Introduction: Arduino Based ZOOM MS70-cdr Midi Program Changer

This project is based on Lawrence Doss 's one. The only difference is on the choice of the usb host device (in this case a USBHOST2 from Hobby Tronic with Midi firmware on. If you haven't or cannot afford this device, please see my other instructable to try other shield. Here is an exemple of what you can generally make with an Arduino bord, here a Uno one and 2 switches. The number of presets depending of how many switches you need and the capacity of the Arduino board obviously.

Step 1: MS70 Arduino Midi Program Change


1. arduino UNO - chinese one they're cheaper

2. USBHost from Hobby Tronic

3. two momentary spst footswitches (or more than two depending on which example you'll take)

4. spare electrical cable

5. a box to fit all

6. a usb cable between usb shield and Zoom pedal + another one to program the arduino (different type)

7. spare arduino's male pins

8. nine to twelve volts transformator (positive center pin) for the Arduino

9. ZOOM MS70-cdr obviously / with its own power supply (negative center 9V.)


1. soldering device

2. iron

3. drilling tools if you want to fix all in the box

4. some hot glue always help!

5. Arduino simulator free @ (optional)


Step 2:

Solder cables with the male pins and the instant switches (see schematic), the choice of the pins is yours just adapt the code and send it thru your Arduino ide (mine is version 1.8.5). Pay attention that these chinese Arduinos need a proper driver.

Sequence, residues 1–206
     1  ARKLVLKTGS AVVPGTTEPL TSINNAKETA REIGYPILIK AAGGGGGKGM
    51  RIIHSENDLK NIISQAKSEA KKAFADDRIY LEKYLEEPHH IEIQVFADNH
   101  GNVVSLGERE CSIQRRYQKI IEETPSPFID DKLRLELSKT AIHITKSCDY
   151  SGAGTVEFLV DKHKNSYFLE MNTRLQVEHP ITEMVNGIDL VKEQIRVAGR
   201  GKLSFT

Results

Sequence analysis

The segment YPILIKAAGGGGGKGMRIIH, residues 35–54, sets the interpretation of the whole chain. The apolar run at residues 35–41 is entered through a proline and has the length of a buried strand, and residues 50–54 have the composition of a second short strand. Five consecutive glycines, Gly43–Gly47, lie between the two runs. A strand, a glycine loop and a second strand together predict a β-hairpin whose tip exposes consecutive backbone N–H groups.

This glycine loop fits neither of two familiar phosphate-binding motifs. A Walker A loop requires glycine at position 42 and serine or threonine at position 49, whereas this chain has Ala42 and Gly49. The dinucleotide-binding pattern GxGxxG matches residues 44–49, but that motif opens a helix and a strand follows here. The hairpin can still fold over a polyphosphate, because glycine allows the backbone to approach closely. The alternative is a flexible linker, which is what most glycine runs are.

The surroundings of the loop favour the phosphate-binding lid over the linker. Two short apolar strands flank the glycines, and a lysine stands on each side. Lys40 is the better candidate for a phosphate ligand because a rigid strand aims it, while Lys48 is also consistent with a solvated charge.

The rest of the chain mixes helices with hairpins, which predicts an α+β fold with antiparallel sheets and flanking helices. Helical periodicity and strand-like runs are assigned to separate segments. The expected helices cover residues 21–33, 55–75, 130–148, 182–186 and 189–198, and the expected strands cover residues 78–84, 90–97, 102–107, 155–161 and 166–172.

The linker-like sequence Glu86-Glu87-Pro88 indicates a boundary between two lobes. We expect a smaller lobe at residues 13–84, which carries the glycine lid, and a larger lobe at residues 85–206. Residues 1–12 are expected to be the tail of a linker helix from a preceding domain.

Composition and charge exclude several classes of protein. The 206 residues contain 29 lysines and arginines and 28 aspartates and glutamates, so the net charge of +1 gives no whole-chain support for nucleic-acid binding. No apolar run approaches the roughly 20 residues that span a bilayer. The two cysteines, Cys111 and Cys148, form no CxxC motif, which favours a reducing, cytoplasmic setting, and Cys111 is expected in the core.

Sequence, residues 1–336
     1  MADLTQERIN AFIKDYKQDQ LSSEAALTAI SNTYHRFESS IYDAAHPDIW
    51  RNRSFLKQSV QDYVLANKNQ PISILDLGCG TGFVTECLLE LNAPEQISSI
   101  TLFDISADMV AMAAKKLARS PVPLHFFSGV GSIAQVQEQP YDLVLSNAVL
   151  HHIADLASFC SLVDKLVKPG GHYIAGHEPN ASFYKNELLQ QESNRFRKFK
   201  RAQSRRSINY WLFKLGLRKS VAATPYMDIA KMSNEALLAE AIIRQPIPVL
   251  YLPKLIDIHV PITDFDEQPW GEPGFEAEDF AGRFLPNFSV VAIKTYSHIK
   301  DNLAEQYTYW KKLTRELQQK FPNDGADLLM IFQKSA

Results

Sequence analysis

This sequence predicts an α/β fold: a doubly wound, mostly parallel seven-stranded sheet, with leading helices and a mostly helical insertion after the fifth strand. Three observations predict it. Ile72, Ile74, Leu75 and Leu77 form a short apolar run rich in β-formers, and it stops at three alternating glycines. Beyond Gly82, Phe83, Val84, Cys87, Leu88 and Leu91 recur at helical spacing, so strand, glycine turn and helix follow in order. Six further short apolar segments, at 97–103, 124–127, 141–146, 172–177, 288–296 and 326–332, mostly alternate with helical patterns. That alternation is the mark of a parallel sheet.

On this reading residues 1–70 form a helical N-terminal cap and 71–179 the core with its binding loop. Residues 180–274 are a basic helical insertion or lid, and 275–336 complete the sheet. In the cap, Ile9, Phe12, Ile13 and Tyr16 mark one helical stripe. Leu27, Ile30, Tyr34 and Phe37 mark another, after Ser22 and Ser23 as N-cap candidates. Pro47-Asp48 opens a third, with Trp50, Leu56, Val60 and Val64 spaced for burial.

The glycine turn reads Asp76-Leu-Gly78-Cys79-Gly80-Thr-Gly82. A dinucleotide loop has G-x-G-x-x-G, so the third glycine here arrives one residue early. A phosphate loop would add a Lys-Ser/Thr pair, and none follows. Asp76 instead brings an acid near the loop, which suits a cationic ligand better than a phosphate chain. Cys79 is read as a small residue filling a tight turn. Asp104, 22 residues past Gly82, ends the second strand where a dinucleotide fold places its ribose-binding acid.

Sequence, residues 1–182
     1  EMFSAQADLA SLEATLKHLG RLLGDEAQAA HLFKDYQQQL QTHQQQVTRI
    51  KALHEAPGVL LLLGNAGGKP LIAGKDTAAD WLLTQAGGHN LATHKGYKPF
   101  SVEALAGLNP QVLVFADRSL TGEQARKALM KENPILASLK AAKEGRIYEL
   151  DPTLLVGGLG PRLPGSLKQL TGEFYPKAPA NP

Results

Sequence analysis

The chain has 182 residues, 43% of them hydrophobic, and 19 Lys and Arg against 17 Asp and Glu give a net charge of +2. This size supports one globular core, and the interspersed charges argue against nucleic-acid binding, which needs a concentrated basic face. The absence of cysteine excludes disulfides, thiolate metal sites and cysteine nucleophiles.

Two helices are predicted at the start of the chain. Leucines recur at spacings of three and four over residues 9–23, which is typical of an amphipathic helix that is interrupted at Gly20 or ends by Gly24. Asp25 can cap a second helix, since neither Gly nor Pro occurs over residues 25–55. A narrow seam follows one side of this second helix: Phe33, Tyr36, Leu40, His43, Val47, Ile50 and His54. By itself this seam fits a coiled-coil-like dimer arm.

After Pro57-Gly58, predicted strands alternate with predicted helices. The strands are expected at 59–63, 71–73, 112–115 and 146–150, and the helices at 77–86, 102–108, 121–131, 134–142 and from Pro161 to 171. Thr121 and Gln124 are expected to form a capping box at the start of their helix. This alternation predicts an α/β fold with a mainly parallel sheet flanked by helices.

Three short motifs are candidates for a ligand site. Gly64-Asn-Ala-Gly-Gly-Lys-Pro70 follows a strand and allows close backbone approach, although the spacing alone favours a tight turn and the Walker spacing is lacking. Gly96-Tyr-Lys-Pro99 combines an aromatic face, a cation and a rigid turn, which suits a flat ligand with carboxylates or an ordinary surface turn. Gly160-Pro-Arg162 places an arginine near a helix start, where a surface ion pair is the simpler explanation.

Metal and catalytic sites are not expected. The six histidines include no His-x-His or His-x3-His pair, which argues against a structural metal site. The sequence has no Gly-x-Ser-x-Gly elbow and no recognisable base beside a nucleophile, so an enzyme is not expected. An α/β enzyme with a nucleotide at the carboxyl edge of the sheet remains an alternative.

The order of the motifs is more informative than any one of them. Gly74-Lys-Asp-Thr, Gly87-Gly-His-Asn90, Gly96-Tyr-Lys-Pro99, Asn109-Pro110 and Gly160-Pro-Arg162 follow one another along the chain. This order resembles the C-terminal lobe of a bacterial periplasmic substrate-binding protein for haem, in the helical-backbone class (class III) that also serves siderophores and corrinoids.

Connect the usb host to your Zoom pedal, it doesn't need proper power when connected to USB but it's less noisy .

Plug your Arduino board to power transformer (wait a moment)

Test all the thing, it must do work! If not, check out all cables and wiring.


Step 3:

if it works disconnect it all, fix it all in your case (some drill work needed here)

drill a hole for power plug and another for the usb host, ensuring that it all fits in your box before.

Don't forget to drill holes for your switches, except if you plan to make'em externals...

I suggest to put a little hot glue on the soldered males pin and to NOT solder anything directly on your Arduino board.


Step 4:

Upload the exemple code here below but pay attention that they are two different schematics as two different projects like exemples... Connect it all again and enjoy!

You normally do have in the exemple 1 below, one switch to increase preset and another to decrease . For any other kind of controls just adapt your ino sketch. If you need help just ask.


Arduino example code (see below):

added: the sketch named MS70_4patches_2banks is an example suggested by a follower that involved 4 switches (4 patches) and 1 switch to select bank A or B, by ex: 1 to 4 = A / 5 to 8 = B.

Just adapt code to hardware (pin numbers etc...)


Step 2: Personal Links of Interest

check out the most outstanding band I actually play on !


Microcontroller Contest 2017

Participated in the
Microcontroller Contest 2017